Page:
Red Crossbill

Red Crossbill

Loxia curvirostra. By Julie Lue

This story is featured in Montana Outdoors March-April 2018 issue

Red crossbills don’t visit my yard every year. But when they do, my family and I sometimes see dozens every day. They decorate the trees with their brick-red or olive plumage, while calling out with springtime chirps even in winter. Their presence reminds us to check the ponderosa pines near our house. We almost always find a big crop of cones, packed with seeds that provide one of the crossbills’ main food sources. If we’re lucky, the birds stay to nest and raise their young before they leave in search of another productive grove.

These sturdy-looking finches are about the same size as bluebirds, but with bulkier heads and necks. Males are rusty red or reddish gold with a dark brown tail and wings. Females are usually olive green to yellowish, also with a dark tail and wings. Juveniles have streaky brown-and-white coloring and look a bit like pine siskins. The young leave the nest with uncrossed bills. By the time they are about a month old, they develop the species’ distinctive feature: a large, curved bill with tips that cross. Of all the birds in the world, only the six crossbill species have this characteristic.

Red crossbills are cone specialists. Their specially adapted bills allow them to pry open the cones of pine, spruce, Douglas fir, and hemlock trees. To reach the seeds, a crossbill inserts its partially open bill into a cone and bites. The curved tips push up and down to open the tightly closed scales. Crossbills also consume other seeds and insects, as well as snow or water every day. A clean water source may attract them to your yard.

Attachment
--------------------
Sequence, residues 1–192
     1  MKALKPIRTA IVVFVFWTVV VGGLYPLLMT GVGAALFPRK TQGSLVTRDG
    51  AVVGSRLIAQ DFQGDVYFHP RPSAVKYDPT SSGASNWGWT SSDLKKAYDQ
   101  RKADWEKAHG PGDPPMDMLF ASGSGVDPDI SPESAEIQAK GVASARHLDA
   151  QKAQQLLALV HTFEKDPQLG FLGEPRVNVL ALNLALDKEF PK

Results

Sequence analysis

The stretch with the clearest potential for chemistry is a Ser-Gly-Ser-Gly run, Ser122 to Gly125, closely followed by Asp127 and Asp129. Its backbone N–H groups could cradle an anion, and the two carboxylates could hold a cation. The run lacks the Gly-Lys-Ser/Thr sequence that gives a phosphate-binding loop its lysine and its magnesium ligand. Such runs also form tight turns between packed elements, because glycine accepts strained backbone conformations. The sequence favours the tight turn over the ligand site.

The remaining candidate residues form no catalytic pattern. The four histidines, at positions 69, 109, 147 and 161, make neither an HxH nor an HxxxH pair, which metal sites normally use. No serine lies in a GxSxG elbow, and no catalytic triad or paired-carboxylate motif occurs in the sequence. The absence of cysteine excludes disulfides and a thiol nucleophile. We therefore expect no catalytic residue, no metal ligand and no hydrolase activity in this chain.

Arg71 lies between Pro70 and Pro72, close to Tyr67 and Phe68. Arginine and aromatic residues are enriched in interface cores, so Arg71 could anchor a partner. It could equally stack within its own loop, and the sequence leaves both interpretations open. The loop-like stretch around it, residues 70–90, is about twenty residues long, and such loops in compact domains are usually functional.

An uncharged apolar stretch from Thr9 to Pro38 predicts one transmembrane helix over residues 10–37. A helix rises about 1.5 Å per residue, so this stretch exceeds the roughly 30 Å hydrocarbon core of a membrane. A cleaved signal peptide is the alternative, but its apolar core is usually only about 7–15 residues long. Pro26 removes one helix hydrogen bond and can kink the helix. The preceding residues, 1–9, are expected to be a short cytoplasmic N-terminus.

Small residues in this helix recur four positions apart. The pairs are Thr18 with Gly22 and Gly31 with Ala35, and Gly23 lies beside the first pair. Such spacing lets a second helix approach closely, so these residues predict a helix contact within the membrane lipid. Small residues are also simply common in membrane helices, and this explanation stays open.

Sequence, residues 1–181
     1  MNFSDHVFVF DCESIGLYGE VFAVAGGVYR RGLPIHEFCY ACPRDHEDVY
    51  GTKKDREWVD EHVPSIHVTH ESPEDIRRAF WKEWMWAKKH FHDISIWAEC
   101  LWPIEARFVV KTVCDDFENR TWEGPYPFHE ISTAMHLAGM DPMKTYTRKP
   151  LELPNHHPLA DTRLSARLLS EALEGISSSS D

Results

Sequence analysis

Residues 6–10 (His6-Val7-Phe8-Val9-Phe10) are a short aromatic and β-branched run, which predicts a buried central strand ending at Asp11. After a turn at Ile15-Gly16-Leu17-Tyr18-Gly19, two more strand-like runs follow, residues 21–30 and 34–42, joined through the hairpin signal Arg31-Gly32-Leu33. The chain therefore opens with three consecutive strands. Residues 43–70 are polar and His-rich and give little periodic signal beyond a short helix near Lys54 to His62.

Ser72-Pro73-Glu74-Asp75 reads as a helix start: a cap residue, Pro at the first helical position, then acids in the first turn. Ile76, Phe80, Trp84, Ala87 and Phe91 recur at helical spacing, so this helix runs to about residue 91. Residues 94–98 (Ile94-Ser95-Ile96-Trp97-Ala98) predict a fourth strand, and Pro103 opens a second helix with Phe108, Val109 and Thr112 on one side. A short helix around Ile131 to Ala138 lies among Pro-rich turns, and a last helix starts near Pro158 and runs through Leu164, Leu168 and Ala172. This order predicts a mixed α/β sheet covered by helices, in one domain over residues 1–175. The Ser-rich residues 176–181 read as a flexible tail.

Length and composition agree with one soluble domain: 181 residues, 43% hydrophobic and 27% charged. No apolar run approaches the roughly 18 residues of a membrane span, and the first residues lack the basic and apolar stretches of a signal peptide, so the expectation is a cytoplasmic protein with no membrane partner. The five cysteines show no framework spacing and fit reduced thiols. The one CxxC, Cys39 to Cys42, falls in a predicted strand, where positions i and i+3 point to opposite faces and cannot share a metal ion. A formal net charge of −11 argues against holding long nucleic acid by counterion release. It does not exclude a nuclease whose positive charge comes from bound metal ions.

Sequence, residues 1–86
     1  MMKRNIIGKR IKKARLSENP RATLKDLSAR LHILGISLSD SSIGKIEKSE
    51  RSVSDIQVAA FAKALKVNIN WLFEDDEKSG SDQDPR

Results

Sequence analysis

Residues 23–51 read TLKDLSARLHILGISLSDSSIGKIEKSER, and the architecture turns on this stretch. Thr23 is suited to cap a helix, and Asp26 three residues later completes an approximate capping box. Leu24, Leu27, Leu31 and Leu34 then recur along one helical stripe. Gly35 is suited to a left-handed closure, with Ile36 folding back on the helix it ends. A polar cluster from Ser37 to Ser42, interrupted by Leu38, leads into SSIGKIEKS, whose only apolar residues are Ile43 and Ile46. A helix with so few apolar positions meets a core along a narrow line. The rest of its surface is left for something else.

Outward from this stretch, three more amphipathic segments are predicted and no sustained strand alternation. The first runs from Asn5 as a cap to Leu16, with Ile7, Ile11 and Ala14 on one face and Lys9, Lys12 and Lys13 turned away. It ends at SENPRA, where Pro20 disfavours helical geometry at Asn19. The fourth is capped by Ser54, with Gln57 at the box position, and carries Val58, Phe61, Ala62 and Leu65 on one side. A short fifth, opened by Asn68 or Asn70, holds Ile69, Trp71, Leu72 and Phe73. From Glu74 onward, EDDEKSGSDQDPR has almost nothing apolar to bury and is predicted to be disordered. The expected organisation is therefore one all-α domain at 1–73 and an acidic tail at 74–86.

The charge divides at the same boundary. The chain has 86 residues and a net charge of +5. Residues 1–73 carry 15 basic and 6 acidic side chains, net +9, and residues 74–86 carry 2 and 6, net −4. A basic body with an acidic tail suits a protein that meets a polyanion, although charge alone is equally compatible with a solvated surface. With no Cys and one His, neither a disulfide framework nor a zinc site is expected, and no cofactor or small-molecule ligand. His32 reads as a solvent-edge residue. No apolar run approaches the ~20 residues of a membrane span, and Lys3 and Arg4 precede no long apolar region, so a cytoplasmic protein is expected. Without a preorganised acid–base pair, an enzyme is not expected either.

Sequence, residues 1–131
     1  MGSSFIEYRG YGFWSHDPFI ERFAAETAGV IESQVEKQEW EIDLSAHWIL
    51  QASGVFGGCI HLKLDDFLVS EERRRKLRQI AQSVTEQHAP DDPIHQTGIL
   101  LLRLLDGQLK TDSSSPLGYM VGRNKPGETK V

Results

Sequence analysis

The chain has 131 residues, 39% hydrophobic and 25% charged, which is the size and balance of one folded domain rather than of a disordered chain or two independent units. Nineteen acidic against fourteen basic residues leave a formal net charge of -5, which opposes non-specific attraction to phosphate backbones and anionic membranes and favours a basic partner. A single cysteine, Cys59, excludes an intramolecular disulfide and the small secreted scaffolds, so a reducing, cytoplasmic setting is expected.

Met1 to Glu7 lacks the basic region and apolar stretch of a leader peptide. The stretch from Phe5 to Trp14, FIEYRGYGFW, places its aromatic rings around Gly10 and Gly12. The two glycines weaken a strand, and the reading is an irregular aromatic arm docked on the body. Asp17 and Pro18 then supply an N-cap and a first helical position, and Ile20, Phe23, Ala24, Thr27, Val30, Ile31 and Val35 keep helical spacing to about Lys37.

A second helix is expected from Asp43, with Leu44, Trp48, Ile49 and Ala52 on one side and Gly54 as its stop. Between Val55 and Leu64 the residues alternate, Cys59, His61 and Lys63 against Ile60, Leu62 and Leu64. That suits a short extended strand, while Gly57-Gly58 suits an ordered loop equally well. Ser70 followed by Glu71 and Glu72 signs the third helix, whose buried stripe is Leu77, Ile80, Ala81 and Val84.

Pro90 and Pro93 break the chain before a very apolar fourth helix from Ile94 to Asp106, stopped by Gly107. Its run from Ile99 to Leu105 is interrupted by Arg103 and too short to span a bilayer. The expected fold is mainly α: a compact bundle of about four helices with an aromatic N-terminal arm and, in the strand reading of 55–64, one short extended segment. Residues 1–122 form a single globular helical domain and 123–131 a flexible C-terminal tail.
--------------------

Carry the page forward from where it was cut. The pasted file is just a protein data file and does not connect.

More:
Red crossbills make a variety of calls, but their flight call—kip-kip or jip-jip—is probably the easiest to recognize. In North America, researchers have identified 10 different types of flight calls. Birds with different “call types” act somewhat like different subspecies or even species. They don’t interbreed, and their beak size and preferred food differ. Types with bigger bills tackle large cones like those of the ponderosa pine, while those with smaller bills specialize in the smaller cones produced by spruce or Douglas fir. In 2017, scientists split birds with one of these call types off from the red crossbill and recognized them as members of a unique species, the Cassia crossbill.

Though most birds nest in spring, red crossbills may start their families anytime from late winter to early fall, as long as they find enough cones. Parents can raise more than one brood each year, and sometimes young crossbills breed even before they have grown their adult plumage.

A female crossbill incubates her eggs for about two weeks in a well-camouflaged, bowl-shaped nest. After the eggs hatch, both parents feed the chicks a paste of regurgitated seeds and, a week or so later, whole seeds. Two to three weeks after that, the entire crossbill family abandons the nest, though adults still help provide food until the young become skilled at opening tough cones.

In the Bitterroot Valley, I once found crossbills nesting in early March. I spotted a female carrying dried grass to a clump of ponderosa needles near the end of a branch. Inside the clump, barely visible, was her softball-sized nest of grass, pine needles, and a single feather. Five weeks later, three young crossbills flew away.

Habitat and range
Red crossbills live in mature coniferous forests throughout much of North America and parts of Eurasia. In Montana, they show up sporadically any time of year in all but the northeastern corner, where you might see them during winter. These nomadic birds follow their food supply from grove to grove. Along the way, congregations of red crossbills may appear in “irruptions”: sudden migrations of large flocks to unexpected places.

Conservation Status
Red crossbills are both common and abundant in Montana. Because they depend heavily on older trees, which produce the most generous cone crops, populations may be vulnerable to the loss of mature forests. Bear bullet

Julie Lue is a writer in Florence.